More than 340 people died and at least 550 were injured during a stampede over a bridge connecting Koh Pich Island (Diamond Island) and Phnom Penh City during the last hour of the last day of Cambodia’s Water Festival.
Azuriel provides an eyewitness account of what happened during that tragic night
…we were just about to cross back to the mainland from the island when the stampede started, and police started cordoning the area off.
spent most of my 4 hours trying to help out, including performing CPR on 4 girls that got fished out of the river … unfortunately only managed to revive 2 of them
From talking to the locals, some of the security and event management staff, and first-hand experience, I gather the following chain of events occurred; not sure these events occurred in this order though, but it's close:
- about 30-odd people were electrocuted (few direct deaths, but many losing consciousness, suffering severe burns) from contact with the metal guard rails on either side of the bridge …
– about a dozen people fainted from the crush of the crowd, heat exhaustion, dehydration, or a combination of these, and fell underfoot …
– Crowd panicked from the electrocutions and surged into a stampede; More people tripped or got pushed over, and got trampled underfoot …
– People started jumping off the bridge into the river below to escape the mob; some were electrocuted climbing over the railings; some died from jumping into shallow water, or missing the water altogether, and landing on the concrete escarpments.
– Curious onlookers surged towards the bridge from both ends trying to find out what was going on. POLICE WERE VERY FORCEFULLY PUSHING BYSTANDERS BACK, USING FISTS, BATONS, PISTOLS, AND PIECES OF METAL PIPING!!!
– Some police near the Koh Pich end of the bridge fired warning shops to try to disperse the crowd, but it only served to set off a 2nd panic, since no-one at that stage knew who was shooting, nor at who or what …
– Around the same time, all the neon lights on the bridge were turned off, along with most of the street lamps along the eastern shore of the island.
ironically, the bayon TV concert a couple of hundred metres away blasted on throughout all of this … … …
The Sreisaat Adventures in Cambodia also heard that some kind of panic “event” triggered the stampede
Today we woke up to a very somber Phnom Penh.
The whole country is mourning the tragic death of hundreds of people during a stampede that broke out on Monday night. It was the last hour of the last day of what should have been a happy celebration of the Water Festival.
There was confusion as to how the stampede started but, quoting a Khmerican friend's note in his Facebook wall, what credible sources are saying is that some type of event created a “panic” on the newly-built bridge. What kind of event, this we are hoping the query will yield the answers.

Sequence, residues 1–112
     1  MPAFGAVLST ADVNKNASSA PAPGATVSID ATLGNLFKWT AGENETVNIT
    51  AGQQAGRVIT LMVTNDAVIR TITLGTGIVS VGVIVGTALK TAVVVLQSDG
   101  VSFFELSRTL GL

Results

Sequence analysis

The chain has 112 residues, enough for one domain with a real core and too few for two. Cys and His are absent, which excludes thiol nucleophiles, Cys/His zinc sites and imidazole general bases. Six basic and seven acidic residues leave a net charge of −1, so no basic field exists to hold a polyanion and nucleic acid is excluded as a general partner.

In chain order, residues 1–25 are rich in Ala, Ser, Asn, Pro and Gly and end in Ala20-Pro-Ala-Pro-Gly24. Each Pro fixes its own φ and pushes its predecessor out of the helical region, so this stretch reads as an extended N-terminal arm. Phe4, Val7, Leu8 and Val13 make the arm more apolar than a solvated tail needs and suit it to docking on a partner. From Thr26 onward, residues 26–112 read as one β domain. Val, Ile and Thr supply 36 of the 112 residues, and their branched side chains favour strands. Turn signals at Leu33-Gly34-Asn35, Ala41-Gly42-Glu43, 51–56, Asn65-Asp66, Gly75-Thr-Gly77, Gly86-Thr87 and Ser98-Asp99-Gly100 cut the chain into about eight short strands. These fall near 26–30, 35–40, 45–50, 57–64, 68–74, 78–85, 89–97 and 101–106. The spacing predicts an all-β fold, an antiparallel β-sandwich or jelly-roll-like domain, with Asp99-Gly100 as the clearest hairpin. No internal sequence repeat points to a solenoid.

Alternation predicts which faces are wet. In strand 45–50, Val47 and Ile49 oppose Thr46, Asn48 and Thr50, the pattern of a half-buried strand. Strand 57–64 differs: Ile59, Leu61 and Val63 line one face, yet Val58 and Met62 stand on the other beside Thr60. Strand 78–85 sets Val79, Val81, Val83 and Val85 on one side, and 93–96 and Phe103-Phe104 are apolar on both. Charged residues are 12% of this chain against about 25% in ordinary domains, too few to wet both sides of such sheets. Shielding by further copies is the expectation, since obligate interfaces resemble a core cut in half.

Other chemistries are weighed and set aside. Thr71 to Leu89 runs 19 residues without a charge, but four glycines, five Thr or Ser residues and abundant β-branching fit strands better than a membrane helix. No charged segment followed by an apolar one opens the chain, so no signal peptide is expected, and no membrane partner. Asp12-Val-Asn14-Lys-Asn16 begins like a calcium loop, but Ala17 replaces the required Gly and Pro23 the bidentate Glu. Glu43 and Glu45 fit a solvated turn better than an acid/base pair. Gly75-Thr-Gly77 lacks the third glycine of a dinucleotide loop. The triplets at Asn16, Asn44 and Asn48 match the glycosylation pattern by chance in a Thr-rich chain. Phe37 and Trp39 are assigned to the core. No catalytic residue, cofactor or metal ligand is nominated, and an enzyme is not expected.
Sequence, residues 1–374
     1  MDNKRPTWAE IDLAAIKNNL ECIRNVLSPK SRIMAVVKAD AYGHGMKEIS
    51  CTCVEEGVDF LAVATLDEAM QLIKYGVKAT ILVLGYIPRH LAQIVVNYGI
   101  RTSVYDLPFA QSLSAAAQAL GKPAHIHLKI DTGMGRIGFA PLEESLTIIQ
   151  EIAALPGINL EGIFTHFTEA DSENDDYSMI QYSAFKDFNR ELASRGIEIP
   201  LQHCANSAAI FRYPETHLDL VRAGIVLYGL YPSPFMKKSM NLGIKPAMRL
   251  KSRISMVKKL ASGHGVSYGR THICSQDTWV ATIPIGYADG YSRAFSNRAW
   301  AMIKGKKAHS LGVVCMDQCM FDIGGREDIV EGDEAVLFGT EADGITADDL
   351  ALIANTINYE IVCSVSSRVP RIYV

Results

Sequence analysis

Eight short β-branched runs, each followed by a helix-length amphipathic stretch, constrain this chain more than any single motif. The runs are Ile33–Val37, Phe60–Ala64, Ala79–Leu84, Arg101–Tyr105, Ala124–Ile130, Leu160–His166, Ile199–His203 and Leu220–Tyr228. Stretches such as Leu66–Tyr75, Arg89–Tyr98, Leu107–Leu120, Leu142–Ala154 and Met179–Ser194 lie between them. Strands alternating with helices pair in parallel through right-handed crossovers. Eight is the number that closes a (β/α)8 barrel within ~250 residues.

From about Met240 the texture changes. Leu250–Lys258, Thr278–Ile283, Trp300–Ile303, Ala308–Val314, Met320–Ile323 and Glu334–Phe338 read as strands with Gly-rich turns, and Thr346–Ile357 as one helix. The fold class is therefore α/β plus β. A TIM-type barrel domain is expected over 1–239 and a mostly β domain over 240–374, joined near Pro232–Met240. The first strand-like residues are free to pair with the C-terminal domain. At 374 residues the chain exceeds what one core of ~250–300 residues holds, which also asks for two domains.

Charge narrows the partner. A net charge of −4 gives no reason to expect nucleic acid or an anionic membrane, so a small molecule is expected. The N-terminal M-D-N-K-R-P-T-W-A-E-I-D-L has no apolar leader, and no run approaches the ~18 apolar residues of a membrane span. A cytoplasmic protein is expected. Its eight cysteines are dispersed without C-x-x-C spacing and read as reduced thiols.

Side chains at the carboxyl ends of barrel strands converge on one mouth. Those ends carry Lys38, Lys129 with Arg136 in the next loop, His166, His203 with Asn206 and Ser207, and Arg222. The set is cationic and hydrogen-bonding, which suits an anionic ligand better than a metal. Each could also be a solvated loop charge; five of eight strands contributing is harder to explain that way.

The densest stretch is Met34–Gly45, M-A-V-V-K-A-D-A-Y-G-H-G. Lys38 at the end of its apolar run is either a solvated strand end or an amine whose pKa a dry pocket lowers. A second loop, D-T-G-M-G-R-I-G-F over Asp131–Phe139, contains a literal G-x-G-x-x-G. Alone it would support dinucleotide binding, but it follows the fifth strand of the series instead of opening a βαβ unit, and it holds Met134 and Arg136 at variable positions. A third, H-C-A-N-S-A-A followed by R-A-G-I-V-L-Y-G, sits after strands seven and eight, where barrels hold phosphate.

I fervently hope that the culprits will be punished, that lessons will be learned so that incidents like this will never happen again. Ever.
LTO Cambodia doesn’t want to blame anyone yet for what happened last Monday
I wish I had something profound to say. I wish I had some great insight to offer. I wish I could say why all this happened.
I wish I could rail against somebody or something. I wish I could put this all on somebody else. Somehow it would seem that might help alleviate the sorrow over this disaster, if only a bit. But at this point we don't know exactly what happened or why. And recriminations, though understandable from those directly affected, are for the rest of us at this point only self-serving and perhaps unfair and damaging.
Khmer Empire criticizes the failure of authorities to prevent this tragedy
We just wonder why this government is so capable to crackdown thousands of demonstrators and evicting the poor people while they are so incompetent so handle such a situation at Koh Pich?
A condolence parade will be held this week; and some useful hotline numbers for those who wish to help the victims
A condolence parade will be held on 25th November from Independence Monument to Koh Pich starting at 5:00pm. Donations, which will be distributed to victims and their family, are accepted through representatives of the 10 universities* in Phnom Penh and will be transferred to H.E. Seang Sophondy official in charge of stampede victims committee. Contact number: 017 58 11 48, 012 288 388
FOR MISSING PERSONS: Info Hotline: 078 7675 60 ~ 74 (15 Lines) Phnom Penh City Hall: 016-866159 / 012-520520 / 016-78888 Ministry of Social Affairs: 012-910000 / 099-860453
A New Mandala reader predicted days before the tragedy that a stampede would probably occur in the bridge
As I crossed the bridge, squeezed in the crammed crowd of mostly families and young Cambodians, I had an overwhelming sense that the children near my feet would be crushed if the crowd surged. When I found cart vendors partially blocking the off ramp I became infuriated and cursed some of them, but the best I could do was manage to force the worst offender to move her cart to the side. It seemed like a hopeless situation. The bridge was too narrow for the crowd.
Cambodia Calling notes that many of those who died came from the provinces who travelled to the capital to enjoy the festivities
Very sad day for Cambodians. As if their lives are not hard enough, the rare chance ordinary Khmers – many from the countryside who come to Phnom Penh to watch the annual boat race – had a chance to rejoice and celebrate, they met with tragedy.
The Cambodian government has said it would compensate 5 million rielsm or USD1250 to the families of each of the dead and 1 million riels each to those injured